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Spatial strategies for sustainable transport-oriented in city centre areas


In Mr Alan Wann’s lecture, I learnt about the definition and meaning of sustainable transport systems and studied examples of good sustainable transport systems in different cities with different models. In the context of our ongoing design project in Newcastle city centre, I have summarised strategies through reading literature and case studies on how to optimise the space in the city centre to better accommodate sustainable transport systems.

Rationalising public transport capacity

The different levels of planning and design of the public transport system should be closely integrated with the different functional areas of the city, and the layout of the site should be coordinated according to the location and scale of the hubs and stations of the different transport systems, to avoid overcrowding and wastage of facilities in the public transport system due to the incongruous development of public transport capacity and urban density.

From the perspective of land use, the use of large areas for a single function should be strictly controlled; the layout of large public buildings should take full account of the impact on the surrounding transport system. Through the improvement of green transport systems such as high-capacity public transport, road resources should be tilted towards public transport systems and green transport systems such as walking and cycling, to provide a high-quality sustainable transport system for residents of urban centres and historical and cultural conservation areas.

Optimisation of slow-moving spaces

Cycling and cycling as a zero energy consumption, convenient and pollution-free mode of transport should be an important part of the diverse green transport system. The design of the slow-moving system should, as far as possible, not mix cycle paths with footpaths. In terms of road network design, it is important to increase the density of the road network and reduce the number of exhaustive roads, creating a well-connected system of pedestrian and cycle paths. In terms of environment, urban regeneration and greening should be combined with reasonable paving, lighting and landscaping around slow-moving roads to increase the comfort of slow-moving and thus encourage slow travel.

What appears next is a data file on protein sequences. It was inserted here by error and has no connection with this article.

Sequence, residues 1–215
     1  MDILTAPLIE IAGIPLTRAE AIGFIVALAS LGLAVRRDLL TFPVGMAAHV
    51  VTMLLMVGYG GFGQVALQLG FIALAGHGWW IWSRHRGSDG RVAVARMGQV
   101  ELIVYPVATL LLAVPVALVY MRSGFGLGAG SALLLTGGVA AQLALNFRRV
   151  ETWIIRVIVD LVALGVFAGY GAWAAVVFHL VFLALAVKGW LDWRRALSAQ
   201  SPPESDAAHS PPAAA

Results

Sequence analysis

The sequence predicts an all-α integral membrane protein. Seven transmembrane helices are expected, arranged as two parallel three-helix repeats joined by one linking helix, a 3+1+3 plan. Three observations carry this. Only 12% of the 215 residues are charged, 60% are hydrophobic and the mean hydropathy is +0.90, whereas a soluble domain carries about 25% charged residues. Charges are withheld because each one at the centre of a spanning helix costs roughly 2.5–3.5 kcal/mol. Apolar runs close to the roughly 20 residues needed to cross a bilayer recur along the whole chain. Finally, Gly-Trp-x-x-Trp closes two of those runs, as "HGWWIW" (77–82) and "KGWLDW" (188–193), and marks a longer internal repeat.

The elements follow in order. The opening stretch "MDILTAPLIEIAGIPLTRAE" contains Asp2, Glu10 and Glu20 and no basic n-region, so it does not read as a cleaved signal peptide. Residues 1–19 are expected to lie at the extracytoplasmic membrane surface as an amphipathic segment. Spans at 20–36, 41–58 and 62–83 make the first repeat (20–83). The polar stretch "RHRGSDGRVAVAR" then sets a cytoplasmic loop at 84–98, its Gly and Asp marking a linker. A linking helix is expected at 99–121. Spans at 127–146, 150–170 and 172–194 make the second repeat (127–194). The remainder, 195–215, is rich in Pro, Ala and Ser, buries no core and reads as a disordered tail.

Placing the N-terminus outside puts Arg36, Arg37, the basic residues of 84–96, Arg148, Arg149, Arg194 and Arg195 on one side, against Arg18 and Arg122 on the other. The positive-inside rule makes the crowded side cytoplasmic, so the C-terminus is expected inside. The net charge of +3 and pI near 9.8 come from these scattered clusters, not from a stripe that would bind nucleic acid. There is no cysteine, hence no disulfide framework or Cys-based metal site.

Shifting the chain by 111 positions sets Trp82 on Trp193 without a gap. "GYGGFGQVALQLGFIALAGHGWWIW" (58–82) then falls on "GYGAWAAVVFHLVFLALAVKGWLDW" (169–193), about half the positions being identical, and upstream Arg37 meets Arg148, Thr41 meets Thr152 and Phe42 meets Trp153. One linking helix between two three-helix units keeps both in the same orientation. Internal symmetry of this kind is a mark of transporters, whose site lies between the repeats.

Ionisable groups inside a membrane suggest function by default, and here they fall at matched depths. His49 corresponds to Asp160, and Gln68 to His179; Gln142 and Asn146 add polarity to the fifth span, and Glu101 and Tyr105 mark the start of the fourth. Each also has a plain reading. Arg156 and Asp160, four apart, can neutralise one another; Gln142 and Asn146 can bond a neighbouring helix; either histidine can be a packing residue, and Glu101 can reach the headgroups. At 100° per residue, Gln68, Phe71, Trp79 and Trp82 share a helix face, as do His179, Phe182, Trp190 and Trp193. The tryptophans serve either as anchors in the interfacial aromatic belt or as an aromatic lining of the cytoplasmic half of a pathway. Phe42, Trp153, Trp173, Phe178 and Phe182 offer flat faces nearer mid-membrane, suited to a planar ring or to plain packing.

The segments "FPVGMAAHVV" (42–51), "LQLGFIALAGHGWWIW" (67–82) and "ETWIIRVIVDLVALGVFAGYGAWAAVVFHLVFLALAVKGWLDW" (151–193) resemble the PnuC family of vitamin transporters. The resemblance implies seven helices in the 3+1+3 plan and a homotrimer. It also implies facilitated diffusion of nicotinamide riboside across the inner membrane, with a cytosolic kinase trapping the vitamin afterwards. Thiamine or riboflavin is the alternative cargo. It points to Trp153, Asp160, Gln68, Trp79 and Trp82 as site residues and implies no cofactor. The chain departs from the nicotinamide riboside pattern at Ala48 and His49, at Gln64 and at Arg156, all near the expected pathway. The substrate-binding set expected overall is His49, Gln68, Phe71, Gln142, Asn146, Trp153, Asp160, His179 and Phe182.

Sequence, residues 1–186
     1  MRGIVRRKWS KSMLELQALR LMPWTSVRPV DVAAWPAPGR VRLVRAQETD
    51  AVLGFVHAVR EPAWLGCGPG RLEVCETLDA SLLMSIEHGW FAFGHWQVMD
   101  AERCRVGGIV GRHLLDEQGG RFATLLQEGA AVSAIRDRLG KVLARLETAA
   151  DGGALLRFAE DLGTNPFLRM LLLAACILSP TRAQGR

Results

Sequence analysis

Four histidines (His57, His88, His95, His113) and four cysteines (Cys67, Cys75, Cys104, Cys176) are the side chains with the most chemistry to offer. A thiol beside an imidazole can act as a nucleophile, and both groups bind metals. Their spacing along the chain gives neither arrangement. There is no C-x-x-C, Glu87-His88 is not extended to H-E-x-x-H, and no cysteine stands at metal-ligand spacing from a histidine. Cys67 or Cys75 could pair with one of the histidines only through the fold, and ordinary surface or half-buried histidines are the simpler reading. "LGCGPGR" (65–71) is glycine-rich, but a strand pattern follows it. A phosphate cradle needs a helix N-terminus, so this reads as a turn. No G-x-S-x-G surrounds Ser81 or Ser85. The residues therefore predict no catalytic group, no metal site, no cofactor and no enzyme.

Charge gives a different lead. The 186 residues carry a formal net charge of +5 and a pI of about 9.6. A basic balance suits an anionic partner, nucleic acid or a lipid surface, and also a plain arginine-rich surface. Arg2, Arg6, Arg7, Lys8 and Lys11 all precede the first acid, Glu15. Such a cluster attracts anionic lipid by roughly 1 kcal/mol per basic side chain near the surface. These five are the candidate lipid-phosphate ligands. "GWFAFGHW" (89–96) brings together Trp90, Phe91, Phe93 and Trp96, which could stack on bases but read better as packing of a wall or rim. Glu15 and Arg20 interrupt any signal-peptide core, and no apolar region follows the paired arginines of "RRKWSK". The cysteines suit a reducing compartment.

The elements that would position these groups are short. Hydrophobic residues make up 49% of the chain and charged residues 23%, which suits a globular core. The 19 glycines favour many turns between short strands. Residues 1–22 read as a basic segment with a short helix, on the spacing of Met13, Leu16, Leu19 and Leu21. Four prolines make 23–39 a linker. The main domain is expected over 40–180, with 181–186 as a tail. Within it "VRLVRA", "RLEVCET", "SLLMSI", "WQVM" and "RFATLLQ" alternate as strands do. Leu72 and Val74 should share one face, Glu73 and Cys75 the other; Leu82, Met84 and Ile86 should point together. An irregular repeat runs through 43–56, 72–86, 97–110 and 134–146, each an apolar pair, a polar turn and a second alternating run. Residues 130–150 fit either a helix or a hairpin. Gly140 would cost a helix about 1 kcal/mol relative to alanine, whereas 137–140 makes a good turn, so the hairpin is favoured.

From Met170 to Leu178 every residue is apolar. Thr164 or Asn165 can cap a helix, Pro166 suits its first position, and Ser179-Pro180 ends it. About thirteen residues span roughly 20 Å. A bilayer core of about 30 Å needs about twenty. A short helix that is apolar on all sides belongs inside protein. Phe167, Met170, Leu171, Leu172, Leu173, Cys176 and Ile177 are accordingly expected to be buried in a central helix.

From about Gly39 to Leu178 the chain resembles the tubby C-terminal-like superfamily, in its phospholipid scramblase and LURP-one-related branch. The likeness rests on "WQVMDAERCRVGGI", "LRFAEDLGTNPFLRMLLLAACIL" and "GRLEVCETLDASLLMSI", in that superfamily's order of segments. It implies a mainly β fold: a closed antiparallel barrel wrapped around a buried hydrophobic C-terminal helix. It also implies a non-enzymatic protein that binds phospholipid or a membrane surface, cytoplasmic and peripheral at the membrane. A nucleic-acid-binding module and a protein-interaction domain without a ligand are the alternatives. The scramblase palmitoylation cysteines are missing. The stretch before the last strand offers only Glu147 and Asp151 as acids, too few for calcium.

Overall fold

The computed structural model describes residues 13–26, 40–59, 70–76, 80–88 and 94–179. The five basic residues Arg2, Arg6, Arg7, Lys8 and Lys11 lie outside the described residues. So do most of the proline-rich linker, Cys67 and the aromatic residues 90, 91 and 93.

Enhancing the diversity of street spaces

The more functions and activities that occur in a street space, the safer the neighbourhood will be and the more people will be attracted to travel sustainably. The diversity of street space is largely influenced by the size of the neighbourhood, which in turn is determined by the urban road network. Smaller neighbourhoods with narrower and denser road networks are better able to stimulate urban spatial dynamics: as neighbourhoods are small, their internal functions are limited and travel destinations are more concentrated outside the neighbourhood, trips are shifted to the urban road network. This mixed community model with a dense road network is particularly suitable for the design of facilities or public spaces in urban public spaces, around major public buildings and transport stations.

The optimisation of slow-moving systems and public transport systems in urban centres and the attraction of people to use slow-moving spaces are key strategies for the development of sustainable transport systems. The development of sustainable transport systems can achieve the goals of reducing energy consumption, controlling air pollution, promoting public health and preventing urban sprawl.


[1] Mabazza.D.L,Tamura T. Effects of Public Transport Improvement in the Formation of Compact Cities[J]. Journal in Urban and Regional Planning,2014,1(1):73-82.

[2] Salimifard K,Shahbandarzadeh H,Raeesi R. Green transportation and the role of operation research[C]//Int. Conf. Traffic Transp.Eng.(ICTTE 2012).2012,26: 74-79. Rahman MA, Ahmed H, Rafia A,  etal. Development of green

[3] Frank L.D, PO Engelke et al. Health and Community Design: The Impact of the Built Environment on Physical Activity[M]. Island Press, Washington, D.C, 2003:243-245.

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School of Architecture
Planning and Landscape
Newcastle upon Tyne
Tyne and Wear, NE1 7RU

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